“There’s no Lack of Void”: Waste and Abundance in Beckett and DeLillo

“There’s no Lack of Void”: Waste and Abundance in Beckett and DeLillo The opposition between Waste and abundance offers itself, arguably, as that which structures contemporary culture more fundamentally than any other. The experience of living in the West today is defined by the perception of abundance, or of superabundance. There is more of everything. When George Bush famously quipped to his supporters at a fundraising dinner during his 2004 presidential campaign that they were the "haves and the have mores," he unwittingly identified a deeper failure in the culture to think of wealth as in any sense limited, or balanced against poverty as its defining opposition.1 There is only having and having more, without the shadow of having less and not having. The physical sign of relative poverty in the West, accordingly, is not malnutrition, not wasting away, but obesity, as if what remains of poverty can only show itself in a weakened resistance to the dangers of abundance. Where the distribution of resources--commodities as well as capital and mineral reserve--has traditionally been understood as an unequal sharing, as balancing the wealth of the few against the poverty of the many, the global economy has produced, and been produced by, the apparition of a wealth without limit, a wealth http://www.deepdyve.com/assets/images/DeepDyve-Logo-lg.png SubStance University of Wisconsin Press

“There’s no Lack of Void”: Waste and Abundance in Beckett and DeLillo

SubStance, Volume 37 (2) – Aug 1, 2008

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Publisher
University of Wisconsin Press
Copyright
Copyright © 2008 Board of Regents, University of Wisconsin System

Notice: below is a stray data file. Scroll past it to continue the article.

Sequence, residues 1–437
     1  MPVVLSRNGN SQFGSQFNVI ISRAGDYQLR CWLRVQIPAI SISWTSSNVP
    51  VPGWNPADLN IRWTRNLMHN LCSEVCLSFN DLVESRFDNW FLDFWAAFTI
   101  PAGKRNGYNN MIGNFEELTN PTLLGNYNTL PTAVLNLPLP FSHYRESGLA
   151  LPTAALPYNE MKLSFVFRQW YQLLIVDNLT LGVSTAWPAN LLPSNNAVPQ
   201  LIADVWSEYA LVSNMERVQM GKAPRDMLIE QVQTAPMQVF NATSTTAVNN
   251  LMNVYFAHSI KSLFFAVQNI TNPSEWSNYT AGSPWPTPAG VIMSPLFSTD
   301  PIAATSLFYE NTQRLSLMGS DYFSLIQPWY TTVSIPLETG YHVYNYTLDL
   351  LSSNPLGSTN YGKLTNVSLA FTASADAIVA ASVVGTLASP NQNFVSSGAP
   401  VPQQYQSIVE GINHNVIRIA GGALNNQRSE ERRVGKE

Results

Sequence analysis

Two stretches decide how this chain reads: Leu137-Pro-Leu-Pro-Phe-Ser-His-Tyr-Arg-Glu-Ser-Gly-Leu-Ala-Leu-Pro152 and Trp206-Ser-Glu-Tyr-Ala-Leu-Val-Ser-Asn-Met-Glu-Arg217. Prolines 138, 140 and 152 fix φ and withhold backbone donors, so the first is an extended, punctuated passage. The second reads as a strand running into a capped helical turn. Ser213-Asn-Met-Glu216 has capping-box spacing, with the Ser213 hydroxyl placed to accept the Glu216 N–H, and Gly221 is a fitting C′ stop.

ISSN
1527-2095
Publisher site
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Abstract

The opposition between Waste and abundance offers itself, arguably, as that which structures contemporary culture more fundamentally than any other. The experience of living in the West today is defined by the perception of abundance, or of superabundance. There is more of everything. When George Bush famously quipped to his supporters at a fundraising dinner during his 2004 presidential campaign that they were the "haves and the have mores," he unwittingly identified a deeper failure in the culture to think of wealth as in any sense limited, or balanced against poverty as its defining opposition.1 There is only having and having more, without the shadow of having less and not having. The physical sign of relative poverty in the West, accordingly, is not malnutrition, not wasting away, but obesity, as if what remains of poverty can only show itself in a weakened resistance to the dangers of abundance. Where the distribution of resources--commodities as well as capital and mineral reserve--has traditionally been understood as an unequal sharing, as balancing the wealth of the few against the poverty of the many, the global economy has produced, and been produced by, the apparition of a wealth without limit, a wealth

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SubStanceUniversity of Wisconsin Press

Published: Aug 1, 2008

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